New nuclear power plants can play a role in the UK’s low carbon transition but will need to evolve. That’s according to the Energy Technologies Institute (ETI), which suggests a combination of both large nuclear and small modular reactors (SMRs) could provide a reliable and affordable solution. However, while large reactors are well suited for baseload electricity production, the ETI says they would need to be financed without relying on overseas and government equity funding schemes, as in the case of Hinkley Point C. Mike Middleton, Strategy Manager at the ETI, said: “Future nuclear technologies will only be deployed if there is a market need and such technologies provide the most cost effective solution. “The nuclear industry has a challenge to demonstrate how it can reduce costs as more UK new nuclear projects come forward and also demonstrate competitiveness alongside other low carbon options within the energy mix such as renewables.” The ETI suggests SMRs could be used to provide combined heat and power, helping to decarbonise energy use in buildings. However it believes further work is needed to improve the economics of their construction and operation before this is possible.
Energy Live News 14th July 2017 read more »
“Urgent action” is needed on new nuclear power stations to help the UK stay within climate change targets, an organisation has said. A National Grid report shows new nuclear builds must be completed on time to cut 80% of carbon emissions by 2050, a key national target to help restrict a global temperature increase to only 2°C, said the New Nuclear Watch Europe (NNWE). The grid’s Future Energy Scenarios report said the “Two Degrees” scenario is only one of four possible ways forward for the UK energy sector. The report says 14.5GW of new nuclear capacity is needed by 2035 to meet the target. Other options include “Slow Progression”, where low-carbon sources are gradually introduced as they compete with limited money, and “Steady State”, with business continuing as usual and little ambition for low-carbon power. With the 14.5GW target rapidly approaching, “urgent action” is needed to keep the nuclear new build programme on track to deliver, said the NNWE. Potential delays and budget increases have recently hit large projects, such as the flagship Hinkley Point C station in Somerset. The National Grid report said there are “many challenges” in building nuclear plants at the pace and scale needed for the 2035 target. “Financing for these large projects and political support can be assumed in a high prosperity, green world,” the authors said. “However, issues such as supply chain problems and legal challenges can all derail intended project progress. While this trajectory is plausible, a number of factors need to align for this amount of new nuclear build to progress.”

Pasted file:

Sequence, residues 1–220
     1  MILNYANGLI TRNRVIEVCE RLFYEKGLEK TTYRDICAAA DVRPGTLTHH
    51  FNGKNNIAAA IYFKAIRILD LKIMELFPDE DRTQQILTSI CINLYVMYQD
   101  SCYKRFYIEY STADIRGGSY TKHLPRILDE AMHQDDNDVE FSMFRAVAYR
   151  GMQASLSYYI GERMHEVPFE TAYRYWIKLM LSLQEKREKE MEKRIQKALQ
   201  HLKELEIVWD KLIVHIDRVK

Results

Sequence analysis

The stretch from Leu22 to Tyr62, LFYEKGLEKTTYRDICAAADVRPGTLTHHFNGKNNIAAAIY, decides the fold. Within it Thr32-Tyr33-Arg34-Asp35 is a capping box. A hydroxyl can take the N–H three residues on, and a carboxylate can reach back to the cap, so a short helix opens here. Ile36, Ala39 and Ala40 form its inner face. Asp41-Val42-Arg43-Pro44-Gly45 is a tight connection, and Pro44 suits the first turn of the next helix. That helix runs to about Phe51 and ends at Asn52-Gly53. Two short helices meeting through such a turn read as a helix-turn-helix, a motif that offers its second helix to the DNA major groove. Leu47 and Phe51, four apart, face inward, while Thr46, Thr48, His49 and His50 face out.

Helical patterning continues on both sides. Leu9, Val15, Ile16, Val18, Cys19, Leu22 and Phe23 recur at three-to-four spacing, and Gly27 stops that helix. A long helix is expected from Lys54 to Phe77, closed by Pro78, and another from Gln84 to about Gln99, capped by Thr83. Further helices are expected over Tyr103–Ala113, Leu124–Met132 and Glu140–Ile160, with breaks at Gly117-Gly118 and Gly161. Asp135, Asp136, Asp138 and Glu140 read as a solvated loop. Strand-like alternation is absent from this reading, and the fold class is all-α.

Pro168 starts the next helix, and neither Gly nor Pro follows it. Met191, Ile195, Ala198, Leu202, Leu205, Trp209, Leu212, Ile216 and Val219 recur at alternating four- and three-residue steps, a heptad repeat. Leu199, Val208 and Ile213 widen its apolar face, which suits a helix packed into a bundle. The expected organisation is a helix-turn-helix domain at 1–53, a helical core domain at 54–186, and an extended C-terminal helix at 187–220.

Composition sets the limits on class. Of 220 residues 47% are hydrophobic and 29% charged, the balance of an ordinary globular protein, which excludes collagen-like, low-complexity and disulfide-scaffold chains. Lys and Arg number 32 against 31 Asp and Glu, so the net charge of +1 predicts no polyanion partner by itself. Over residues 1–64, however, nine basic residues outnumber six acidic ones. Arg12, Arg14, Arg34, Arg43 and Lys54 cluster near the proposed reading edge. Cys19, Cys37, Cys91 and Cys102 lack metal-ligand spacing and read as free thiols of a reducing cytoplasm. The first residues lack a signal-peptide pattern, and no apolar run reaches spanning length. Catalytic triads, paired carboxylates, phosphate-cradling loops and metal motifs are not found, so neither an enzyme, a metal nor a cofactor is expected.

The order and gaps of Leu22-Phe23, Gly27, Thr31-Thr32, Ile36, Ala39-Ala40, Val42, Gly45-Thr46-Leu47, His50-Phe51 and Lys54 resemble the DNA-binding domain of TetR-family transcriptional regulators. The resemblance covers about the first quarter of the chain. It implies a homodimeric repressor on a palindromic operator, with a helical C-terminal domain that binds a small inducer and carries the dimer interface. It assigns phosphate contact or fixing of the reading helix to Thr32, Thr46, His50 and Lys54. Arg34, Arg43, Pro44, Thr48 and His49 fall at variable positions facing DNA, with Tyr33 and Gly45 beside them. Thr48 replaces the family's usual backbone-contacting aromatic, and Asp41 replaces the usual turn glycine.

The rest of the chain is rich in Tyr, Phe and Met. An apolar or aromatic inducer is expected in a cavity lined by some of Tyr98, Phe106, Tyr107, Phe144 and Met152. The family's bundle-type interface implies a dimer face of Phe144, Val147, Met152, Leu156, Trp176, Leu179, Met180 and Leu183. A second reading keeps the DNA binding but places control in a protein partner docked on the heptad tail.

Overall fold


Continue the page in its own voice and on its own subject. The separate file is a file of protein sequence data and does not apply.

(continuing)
Institution of Mechanical Engineers 14th July 2017 read more »
The UK needs to build 14.5 GWe of new nuclear capacity by 2035 or it will fail to meet the Two Degrees scenario, National Grid says in the annual update of its Future Energy Scenarios it published yesterday. The report also suggests that national electricity demand could peak at 85 GWe by 2050, compared with around 60 GWe today. National Grid is the private company which runs Britain’s high-voltage electricity network. Two Degrees is one of four scenarios presented in the report and refers to the aim set by the Paris Climate Change Agreement to keep global temperature increases this century well below 2 degrees Celsius. The agreement was adopted in December 2015 at the 21st conference of the parties (COP21) to the United Nations Framework Convention on Climate Change held in Paris. The agreement, which entered into force on 4 November 2016, also aims to drive efforts to limit temperature increases to below 1.5 degrees Celsius.
World Nuclear News 14th July 2017 read more »